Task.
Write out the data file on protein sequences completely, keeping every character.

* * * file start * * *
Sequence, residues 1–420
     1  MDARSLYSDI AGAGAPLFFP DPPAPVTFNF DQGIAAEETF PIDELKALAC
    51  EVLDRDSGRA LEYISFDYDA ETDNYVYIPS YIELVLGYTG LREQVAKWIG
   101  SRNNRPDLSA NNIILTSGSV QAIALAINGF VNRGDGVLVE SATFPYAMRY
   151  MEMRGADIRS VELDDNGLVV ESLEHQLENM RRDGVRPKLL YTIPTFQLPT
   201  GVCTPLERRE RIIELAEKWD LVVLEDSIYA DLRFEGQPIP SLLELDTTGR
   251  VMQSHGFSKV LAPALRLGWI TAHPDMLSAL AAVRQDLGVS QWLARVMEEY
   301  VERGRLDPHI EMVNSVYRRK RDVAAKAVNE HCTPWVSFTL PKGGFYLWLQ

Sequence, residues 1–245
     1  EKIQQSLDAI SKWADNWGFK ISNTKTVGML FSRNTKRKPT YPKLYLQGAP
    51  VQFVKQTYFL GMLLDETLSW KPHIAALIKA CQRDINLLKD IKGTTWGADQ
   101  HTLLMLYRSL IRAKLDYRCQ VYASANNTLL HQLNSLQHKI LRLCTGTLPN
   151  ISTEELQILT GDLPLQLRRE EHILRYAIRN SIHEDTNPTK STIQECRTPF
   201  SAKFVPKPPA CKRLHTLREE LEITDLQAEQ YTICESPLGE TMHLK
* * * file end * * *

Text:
Sequence, residues 1–420
     1  MDARSLYSDI AGAGAPLFFP DPPAPVTFNF DQGIAAEETF PIDELKALAC
    51  EVLDRDSGRA LEYISFDYDA ETDNYVYIPS YIELVLGYTG LREQVAKWIG
   101  SRNNRPDLSA NNIILTSGSV QAIALAINGF VNRGDGVLVE SATFPYAMRY
   151  MEMRGADIRS VELDDNGLVV ESLEHQLENM RRDGVRPKLL YTIPTFQLPT
   201  GVCTPLERRE RIIELAEKWD LVVLEDSIYA DLRFEGQPIP SLLELDTTGR
   251  VMQSHGFSKV LAPALRLGWI TAHPDMLSAL AAVRQDLGVS QWLARVMEEY
   301  VERGRLDPHI EMVNSVYRRK RDVAAKAVNE HCTPWVSFTL PKGGFYLWLQ

Sequence, residues 1–245
     1  EKIQQSLDAI SKWADNWGFK ISNTKTVGML FSRNTKRKPT YPKLYLQGAP
    51  VQFVKQTYFL GMLLDETLSW KPHIAALIKA CQRDINLLKD IKGTTWGADQ
   101  HTLLMLYRSL IRAKLDYRCQ VYASANNTLL HQLNSLQHKI LRLCTGTLPN
   151  ISTEELQILT GDLPLQLRRE EHILRYAIRN SIHEDTNPTK STIQECRTPF
   201  SAKFVPKPPA CKRLHTLREE LEITDLQAEQ YTICESPLGE TMHLK